To the poor, a recession is full of misery with more misery to come in the future.

The Middle-Class Stay Stuck

Those in the middle-class look at money as an unstable commodity – sometimes it’s in plenty and other times it’s in short supply. They don’t necessarily trade hours for dollars, as many in the middle-class have jobs with salaries and bonuses or they are self-employed. However, they are typically living close to paycheck to paycheck. They tend to have very nice homes, cars, and clothes. They tend to go on some very nice vacations once or twice a year. They can dine out at nice restaurants from time to time. However, they are always in danger of losing it all.

The middle-class both invests and spends their money. They understand the concept of investing and see it’s value as the wealthy do. Just prior to this recession, many in the middle-class were enjoying investments that seemed to be soaring in an over-inflated economy. They continued to buy investments at high prices while expecting the value of those investments to continue to go up. In other words, they bought high. When the market began to plummet, and the value of their investments began to reach rock bottom, many in the middle class began to sell their investments. They did so in order to save at least some of their money. The net effect though is that they sold low. To profit, you should buy low and sell high. They bought high and sold low, which is the formula to lock in losses.

The middle-class spends the way the poor do. They spend their incomes and bonuses on more “stuff” that will not return a profit to them. They save through a 401K plan, and then borrow against it to purchase a bigger than necessary house or luxury car. They feel comfortable in monthly payments, and credit is extremely important for more purchasing power.

During a recession, the middle-class are focused on protecting what they have. Their jobs are in danger of being lost. Their businesses are in danger of going out of business. They may have an income stream, but it’s all from one source. The middle-class invest, but they wait for social proof from others before investing and can often miss the timing that the wealthy have. Meaning, the wealthy invest at a lower cost than the middle-class. The middle-class can also over extend by investing or spending more than they can safely loose. The middle-class budget is based on their ability to pay credit minimums. However, if their income source is lost, they quickly find themselves under water.

To the middle-class, a recession is a time of great fear and uncertainty. So afraid of being poor that become overly conservative at their jobs, which makes them fail to stand out. So afraid of losing more money, they don’t invest at a time when it’s the most affordable and profitable to do so.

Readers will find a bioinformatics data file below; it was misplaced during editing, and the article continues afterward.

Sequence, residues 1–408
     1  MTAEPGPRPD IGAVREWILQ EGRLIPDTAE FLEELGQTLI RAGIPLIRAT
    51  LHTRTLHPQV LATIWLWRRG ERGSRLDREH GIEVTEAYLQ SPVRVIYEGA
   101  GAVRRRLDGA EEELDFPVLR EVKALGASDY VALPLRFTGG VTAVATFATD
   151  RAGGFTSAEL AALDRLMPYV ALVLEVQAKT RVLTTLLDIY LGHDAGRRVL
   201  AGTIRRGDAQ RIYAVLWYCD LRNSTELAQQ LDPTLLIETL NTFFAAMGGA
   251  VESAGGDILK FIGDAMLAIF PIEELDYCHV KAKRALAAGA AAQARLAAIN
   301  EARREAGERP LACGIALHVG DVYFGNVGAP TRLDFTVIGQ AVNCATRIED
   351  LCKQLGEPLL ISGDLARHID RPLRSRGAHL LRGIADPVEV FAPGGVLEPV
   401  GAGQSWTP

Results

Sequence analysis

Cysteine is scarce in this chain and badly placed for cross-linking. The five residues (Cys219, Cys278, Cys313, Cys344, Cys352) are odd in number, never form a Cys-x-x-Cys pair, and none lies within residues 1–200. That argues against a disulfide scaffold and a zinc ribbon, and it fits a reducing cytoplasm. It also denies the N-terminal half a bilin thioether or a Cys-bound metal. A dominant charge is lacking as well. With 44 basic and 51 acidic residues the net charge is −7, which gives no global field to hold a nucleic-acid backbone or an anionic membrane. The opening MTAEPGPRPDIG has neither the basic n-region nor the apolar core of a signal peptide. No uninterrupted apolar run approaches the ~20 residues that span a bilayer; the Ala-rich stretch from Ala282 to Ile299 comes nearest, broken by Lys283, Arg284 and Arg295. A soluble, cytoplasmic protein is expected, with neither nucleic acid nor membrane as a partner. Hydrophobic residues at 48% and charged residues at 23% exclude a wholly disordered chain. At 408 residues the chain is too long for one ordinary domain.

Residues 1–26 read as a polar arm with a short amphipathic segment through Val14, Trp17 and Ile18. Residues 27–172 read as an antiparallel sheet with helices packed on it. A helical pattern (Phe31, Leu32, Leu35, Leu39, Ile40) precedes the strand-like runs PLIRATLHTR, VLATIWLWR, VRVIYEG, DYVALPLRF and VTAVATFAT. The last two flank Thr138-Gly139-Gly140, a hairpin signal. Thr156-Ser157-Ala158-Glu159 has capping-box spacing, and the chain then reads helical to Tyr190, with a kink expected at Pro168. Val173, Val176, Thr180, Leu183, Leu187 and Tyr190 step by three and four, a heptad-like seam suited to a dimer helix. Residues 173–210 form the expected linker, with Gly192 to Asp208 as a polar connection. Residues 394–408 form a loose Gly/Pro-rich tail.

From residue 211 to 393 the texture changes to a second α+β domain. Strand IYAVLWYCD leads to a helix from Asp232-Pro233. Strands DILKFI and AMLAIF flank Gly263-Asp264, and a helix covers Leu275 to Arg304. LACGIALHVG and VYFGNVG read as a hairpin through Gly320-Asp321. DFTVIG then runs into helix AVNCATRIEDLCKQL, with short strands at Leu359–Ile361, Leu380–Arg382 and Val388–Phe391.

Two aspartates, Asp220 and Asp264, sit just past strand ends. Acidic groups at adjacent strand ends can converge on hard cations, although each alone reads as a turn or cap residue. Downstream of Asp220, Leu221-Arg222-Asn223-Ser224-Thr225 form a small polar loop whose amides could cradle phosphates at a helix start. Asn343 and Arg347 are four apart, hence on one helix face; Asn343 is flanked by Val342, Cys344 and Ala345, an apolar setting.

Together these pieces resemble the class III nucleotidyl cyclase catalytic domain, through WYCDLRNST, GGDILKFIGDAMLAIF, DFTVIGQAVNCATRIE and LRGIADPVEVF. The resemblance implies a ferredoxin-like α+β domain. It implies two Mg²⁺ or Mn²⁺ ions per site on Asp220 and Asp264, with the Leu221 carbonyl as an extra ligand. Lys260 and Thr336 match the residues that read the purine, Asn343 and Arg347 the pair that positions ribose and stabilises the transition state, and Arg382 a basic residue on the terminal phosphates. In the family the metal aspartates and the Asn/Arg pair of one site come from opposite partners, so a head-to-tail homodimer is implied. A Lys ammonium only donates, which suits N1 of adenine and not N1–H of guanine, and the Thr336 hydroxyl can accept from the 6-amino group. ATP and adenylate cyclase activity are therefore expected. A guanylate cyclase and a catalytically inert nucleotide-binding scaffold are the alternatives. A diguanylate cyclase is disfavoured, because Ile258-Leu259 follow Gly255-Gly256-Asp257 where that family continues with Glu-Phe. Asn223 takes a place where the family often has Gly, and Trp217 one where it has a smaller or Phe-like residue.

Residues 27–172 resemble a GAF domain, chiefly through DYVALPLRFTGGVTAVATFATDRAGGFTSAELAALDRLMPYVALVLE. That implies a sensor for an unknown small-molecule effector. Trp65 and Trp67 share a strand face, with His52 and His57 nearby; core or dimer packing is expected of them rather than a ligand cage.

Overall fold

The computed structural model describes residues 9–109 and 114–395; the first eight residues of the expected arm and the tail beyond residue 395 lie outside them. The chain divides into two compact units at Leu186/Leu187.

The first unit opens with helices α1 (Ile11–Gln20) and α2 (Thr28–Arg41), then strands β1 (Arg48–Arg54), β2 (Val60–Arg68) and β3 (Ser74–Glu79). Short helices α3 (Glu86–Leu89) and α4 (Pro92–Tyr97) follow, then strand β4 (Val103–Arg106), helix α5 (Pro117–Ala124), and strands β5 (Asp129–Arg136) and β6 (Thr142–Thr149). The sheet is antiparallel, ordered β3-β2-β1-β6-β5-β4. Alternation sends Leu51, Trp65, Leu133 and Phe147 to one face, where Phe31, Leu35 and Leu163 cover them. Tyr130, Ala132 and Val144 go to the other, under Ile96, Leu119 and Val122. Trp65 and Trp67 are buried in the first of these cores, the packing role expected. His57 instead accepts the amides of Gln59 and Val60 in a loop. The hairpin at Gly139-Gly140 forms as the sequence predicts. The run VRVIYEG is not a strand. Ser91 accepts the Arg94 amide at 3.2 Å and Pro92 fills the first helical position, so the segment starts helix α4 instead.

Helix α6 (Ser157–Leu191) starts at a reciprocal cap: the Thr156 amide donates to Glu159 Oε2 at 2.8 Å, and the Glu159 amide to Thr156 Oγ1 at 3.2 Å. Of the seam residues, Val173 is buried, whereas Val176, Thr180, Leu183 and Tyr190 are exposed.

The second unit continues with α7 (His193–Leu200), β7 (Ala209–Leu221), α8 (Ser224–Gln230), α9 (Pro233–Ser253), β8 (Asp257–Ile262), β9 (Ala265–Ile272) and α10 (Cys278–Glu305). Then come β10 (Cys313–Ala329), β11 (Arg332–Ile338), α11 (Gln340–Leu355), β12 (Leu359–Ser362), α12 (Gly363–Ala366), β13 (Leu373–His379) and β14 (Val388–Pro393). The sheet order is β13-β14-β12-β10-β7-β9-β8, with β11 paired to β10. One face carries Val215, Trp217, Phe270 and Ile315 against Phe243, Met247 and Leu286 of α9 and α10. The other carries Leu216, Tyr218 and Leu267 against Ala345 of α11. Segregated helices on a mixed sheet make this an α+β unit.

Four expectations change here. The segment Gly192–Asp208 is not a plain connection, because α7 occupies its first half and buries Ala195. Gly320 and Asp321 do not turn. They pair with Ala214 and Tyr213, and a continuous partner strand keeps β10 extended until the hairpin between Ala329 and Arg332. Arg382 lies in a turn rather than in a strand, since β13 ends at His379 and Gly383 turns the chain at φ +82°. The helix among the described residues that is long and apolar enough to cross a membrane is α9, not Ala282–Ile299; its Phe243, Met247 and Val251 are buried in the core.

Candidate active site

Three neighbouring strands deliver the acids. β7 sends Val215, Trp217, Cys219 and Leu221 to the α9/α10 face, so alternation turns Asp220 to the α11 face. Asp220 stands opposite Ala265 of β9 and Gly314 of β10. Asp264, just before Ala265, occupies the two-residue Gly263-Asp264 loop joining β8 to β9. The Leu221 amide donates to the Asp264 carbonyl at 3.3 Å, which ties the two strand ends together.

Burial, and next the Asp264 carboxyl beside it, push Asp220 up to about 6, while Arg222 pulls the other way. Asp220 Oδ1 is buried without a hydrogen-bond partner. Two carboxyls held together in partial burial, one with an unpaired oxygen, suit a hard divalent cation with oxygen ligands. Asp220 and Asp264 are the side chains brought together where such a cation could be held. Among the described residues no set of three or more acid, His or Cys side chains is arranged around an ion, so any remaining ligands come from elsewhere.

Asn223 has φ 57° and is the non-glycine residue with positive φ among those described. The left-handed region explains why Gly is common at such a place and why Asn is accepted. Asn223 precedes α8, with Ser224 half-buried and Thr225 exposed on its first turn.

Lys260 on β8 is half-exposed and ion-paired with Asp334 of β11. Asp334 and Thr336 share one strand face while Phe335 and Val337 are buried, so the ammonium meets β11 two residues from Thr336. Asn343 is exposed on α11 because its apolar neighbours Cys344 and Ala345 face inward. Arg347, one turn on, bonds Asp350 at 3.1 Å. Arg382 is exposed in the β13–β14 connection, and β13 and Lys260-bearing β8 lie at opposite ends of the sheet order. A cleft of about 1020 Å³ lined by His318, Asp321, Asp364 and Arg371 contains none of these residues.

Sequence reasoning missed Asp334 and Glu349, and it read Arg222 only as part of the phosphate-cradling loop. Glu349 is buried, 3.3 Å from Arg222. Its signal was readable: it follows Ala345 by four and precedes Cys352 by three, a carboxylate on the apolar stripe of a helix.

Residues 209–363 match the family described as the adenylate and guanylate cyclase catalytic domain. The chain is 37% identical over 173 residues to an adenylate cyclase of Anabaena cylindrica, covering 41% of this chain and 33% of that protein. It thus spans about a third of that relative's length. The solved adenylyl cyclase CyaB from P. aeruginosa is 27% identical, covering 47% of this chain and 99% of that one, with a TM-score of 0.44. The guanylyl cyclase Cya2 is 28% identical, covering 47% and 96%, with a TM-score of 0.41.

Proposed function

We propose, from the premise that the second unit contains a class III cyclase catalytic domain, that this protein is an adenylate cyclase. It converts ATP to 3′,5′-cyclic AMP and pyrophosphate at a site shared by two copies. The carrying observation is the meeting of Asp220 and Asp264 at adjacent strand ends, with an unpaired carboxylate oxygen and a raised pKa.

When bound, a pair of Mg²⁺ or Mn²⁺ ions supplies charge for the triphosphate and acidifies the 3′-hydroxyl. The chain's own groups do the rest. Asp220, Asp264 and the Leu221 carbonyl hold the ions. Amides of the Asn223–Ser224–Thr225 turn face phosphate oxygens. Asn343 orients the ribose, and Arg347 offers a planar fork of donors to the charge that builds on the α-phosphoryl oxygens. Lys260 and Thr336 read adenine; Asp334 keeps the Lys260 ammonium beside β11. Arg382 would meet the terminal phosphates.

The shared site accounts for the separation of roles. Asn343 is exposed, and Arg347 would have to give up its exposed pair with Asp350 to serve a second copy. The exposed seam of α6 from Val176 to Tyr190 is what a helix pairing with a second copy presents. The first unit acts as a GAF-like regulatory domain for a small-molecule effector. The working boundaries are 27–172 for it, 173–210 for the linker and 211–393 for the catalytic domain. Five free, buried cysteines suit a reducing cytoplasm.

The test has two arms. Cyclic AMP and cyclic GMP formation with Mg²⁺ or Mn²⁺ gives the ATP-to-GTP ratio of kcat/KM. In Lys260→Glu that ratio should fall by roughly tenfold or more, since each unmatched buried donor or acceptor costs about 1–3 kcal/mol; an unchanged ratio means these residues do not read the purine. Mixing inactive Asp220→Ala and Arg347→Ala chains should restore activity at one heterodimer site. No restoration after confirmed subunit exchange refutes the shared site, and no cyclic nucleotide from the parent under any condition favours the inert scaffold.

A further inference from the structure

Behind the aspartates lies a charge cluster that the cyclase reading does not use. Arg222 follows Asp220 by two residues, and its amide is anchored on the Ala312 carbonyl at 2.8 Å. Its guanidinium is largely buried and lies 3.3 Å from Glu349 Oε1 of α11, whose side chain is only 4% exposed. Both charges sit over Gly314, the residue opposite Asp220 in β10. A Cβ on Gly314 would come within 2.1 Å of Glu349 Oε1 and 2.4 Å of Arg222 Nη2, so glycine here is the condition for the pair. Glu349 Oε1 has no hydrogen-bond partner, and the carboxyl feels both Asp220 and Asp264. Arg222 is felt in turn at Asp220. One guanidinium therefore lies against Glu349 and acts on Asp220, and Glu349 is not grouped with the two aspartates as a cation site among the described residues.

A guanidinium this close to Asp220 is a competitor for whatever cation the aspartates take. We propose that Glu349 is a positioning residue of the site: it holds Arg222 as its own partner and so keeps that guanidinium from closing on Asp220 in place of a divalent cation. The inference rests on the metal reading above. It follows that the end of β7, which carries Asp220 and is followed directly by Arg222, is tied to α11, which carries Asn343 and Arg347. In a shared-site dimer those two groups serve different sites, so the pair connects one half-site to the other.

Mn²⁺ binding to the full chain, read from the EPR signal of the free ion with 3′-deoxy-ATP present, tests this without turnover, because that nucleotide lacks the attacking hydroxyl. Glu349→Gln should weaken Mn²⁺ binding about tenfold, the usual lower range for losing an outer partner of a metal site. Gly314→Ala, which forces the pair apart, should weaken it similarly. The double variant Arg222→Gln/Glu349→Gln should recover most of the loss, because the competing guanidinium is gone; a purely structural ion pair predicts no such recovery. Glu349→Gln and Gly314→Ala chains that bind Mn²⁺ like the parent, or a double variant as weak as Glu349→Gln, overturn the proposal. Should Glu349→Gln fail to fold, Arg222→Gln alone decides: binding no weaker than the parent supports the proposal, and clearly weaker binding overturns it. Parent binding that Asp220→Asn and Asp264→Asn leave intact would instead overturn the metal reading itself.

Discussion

So, What Now?

Regardless of what your economic class is, you must first change your perception if you wish to change your economic conditions. What you focus on determines your reality. So, focus on finding the opportunities, and not on potential loss. Focus on where you want to be after the recession, and not on the thought that you have to stay where you are forever.

Many great businesses were born with little or no money, a good idea and a website during a recession. Many great partnerships were formed with a person with the passion and the idea matching up with a person with the money and the belief that it could work. Many people raised themselves from poverty to wealth because they were tired of always being one decision away from being out of a job.

Know that you can take steps today to prepare for the prosperity cycle that follows recessions. Know that you can take steps today to ensure that when the next recession comes around, you are positioned to benefit from it instead of becoming a victim of it.

Author's Bio: 

James LeGrand is the publisher of, a free weekly newsletter that presents solutions to life’s issues through the lens of self-help, wisdom, philosophy and spirituality. He is the author of an best seller in Religion and Spirituality titled "Evolve!", and an Expert Author with & James LeGrand is a Life Strategist, a Radio Personality, a Fortune 500 Vice President, and a Sifu in Shaolin Kungfu, which has been known for centuries as a pathway to spiritual enlightenment.